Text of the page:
[docs] Python Language Reference

Christopher Howard christopher.howard at frigidcode.com
Fri Jan 13 12:54:18 CET 2012

Hi. (I'm not subscribed to this mailing list, so you will need to CC me
any replies that you wish me to receive.) I recently started working
through the The Python Language Reference (3.2). I don't know whether or
not the language reference is something that can be edited, but if so I
had two suggestions:

1. The language reference indicates that it is intentionally less formal
than typical language references; nevertheless, there should be a
section towards the beginning of the reference dealing with language
regarding mandatory vs. implementation-dependent requirements. ("Must
vs. "should", and such like.) E.g., in section 2.1.5, a paragraph states:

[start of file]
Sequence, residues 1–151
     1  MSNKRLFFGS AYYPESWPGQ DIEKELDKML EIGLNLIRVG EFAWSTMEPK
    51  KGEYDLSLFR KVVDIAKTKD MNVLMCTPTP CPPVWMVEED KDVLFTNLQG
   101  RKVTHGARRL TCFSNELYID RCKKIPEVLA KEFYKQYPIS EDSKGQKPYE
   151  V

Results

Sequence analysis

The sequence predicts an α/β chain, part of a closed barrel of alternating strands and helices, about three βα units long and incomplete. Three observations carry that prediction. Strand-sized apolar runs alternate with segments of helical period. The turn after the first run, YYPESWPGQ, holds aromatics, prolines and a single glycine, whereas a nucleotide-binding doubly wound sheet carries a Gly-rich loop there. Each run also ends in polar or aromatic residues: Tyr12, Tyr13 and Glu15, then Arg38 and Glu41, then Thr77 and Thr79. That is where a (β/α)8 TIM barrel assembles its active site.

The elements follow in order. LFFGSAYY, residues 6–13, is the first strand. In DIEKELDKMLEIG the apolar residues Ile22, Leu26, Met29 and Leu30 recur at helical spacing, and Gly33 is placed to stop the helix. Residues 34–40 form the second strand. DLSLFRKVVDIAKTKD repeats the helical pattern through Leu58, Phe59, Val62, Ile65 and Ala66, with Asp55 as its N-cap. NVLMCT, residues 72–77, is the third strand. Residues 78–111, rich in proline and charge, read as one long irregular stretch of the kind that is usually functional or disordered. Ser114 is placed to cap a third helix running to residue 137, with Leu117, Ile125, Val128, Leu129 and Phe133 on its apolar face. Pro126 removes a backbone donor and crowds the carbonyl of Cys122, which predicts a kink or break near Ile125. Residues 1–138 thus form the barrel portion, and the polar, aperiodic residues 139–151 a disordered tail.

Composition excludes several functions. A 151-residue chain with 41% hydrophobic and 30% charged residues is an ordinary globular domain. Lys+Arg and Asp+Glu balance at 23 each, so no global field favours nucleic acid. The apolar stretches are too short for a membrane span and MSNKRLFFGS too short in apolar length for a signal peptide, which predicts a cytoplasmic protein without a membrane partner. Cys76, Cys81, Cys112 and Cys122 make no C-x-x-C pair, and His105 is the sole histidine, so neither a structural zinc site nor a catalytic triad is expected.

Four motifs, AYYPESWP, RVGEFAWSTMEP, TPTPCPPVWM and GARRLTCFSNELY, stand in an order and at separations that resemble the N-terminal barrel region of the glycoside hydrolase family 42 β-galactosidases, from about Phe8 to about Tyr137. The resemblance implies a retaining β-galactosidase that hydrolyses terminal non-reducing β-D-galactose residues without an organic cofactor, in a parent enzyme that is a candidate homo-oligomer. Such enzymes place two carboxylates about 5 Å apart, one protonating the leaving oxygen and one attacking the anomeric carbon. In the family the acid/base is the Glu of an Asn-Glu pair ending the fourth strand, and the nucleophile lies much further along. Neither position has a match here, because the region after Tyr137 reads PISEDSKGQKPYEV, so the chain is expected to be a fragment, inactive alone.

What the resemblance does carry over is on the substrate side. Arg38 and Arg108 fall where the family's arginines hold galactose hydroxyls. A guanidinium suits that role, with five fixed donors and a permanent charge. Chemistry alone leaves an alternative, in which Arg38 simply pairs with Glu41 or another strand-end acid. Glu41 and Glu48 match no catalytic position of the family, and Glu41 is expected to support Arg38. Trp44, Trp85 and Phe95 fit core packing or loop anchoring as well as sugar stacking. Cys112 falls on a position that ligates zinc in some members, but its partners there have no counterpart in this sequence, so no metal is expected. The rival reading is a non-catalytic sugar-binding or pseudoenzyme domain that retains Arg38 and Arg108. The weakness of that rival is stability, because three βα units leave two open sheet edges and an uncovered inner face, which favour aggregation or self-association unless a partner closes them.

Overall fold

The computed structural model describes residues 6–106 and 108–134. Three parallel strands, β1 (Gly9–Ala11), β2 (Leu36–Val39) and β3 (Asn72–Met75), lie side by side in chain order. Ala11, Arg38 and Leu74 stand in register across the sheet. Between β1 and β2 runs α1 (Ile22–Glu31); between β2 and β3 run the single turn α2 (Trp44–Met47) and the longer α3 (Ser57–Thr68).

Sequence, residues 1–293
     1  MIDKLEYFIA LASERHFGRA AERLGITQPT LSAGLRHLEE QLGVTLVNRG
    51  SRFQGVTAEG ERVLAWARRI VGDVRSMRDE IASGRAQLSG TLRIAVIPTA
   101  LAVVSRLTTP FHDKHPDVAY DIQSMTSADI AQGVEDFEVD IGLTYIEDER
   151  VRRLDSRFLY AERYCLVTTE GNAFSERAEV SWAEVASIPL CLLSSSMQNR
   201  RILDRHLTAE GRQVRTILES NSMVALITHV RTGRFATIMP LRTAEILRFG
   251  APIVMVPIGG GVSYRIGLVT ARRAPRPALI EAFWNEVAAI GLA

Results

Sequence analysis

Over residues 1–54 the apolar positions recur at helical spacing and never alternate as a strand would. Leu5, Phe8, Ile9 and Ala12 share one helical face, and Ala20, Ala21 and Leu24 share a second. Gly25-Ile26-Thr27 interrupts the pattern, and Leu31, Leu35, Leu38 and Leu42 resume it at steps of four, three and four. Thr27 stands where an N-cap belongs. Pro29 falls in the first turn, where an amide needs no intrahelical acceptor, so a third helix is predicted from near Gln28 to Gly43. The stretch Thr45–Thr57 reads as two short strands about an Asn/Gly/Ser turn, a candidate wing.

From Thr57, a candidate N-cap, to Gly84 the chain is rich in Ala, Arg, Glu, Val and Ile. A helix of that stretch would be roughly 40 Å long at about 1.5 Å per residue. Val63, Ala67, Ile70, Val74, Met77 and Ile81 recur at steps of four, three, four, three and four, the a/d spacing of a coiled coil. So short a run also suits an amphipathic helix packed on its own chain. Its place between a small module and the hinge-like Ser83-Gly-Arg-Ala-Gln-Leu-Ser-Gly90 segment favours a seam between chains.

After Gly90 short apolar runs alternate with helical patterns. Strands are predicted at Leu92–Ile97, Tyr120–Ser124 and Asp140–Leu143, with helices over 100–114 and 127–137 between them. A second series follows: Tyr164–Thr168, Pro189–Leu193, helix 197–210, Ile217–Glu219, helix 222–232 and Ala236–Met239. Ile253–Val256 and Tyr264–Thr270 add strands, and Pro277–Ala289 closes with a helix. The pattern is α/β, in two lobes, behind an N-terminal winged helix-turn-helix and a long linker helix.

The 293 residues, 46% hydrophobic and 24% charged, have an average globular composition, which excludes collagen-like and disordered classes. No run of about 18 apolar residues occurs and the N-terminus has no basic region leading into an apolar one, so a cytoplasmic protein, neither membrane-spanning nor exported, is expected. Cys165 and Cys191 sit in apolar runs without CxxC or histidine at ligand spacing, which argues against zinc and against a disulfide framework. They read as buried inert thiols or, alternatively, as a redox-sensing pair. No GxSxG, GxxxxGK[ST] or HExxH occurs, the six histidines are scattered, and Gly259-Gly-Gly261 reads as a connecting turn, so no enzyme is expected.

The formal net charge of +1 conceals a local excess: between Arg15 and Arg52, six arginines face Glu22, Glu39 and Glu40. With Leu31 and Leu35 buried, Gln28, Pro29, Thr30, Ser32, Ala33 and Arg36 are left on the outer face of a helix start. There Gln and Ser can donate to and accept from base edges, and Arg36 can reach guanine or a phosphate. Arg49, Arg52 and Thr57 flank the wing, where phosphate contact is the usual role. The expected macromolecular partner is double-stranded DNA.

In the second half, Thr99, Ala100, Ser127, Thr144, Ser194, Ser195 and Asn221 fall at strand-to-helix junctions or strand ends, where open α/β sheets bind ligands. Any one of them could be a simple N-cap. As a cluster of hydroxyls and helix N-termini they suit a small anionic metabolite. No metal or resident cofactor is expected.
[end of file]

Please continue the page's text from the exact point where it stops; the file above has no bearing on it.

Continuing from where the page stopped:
"When embedding Python, source code strings should be passed to Python
APIs using the standard C conventions for newline characters (the \n
character, representing ASCII LF, is the line terminator)."

Most people who have read, say, a C standards document will immediately
wonder whether "should" means "must" or "is recommended".

2. The is an example given (also in section 2.1.5) illustrating the use
of the backslash character for explicit line joining:

if 1900 < year < 2100 and 1 <= month <= 12 \
   and 1 <= day <= 31 and 0 <= hour < 24 \
   and 0 <= minute < 60 and 0 <= second < 60:   # Looks like a valid date
        return 1

However, everyone knows that not all months have 31 days. To avoid
making the language reference look silly, it might be better to
substitute this with a different example.

Anyway, there are my two cents.


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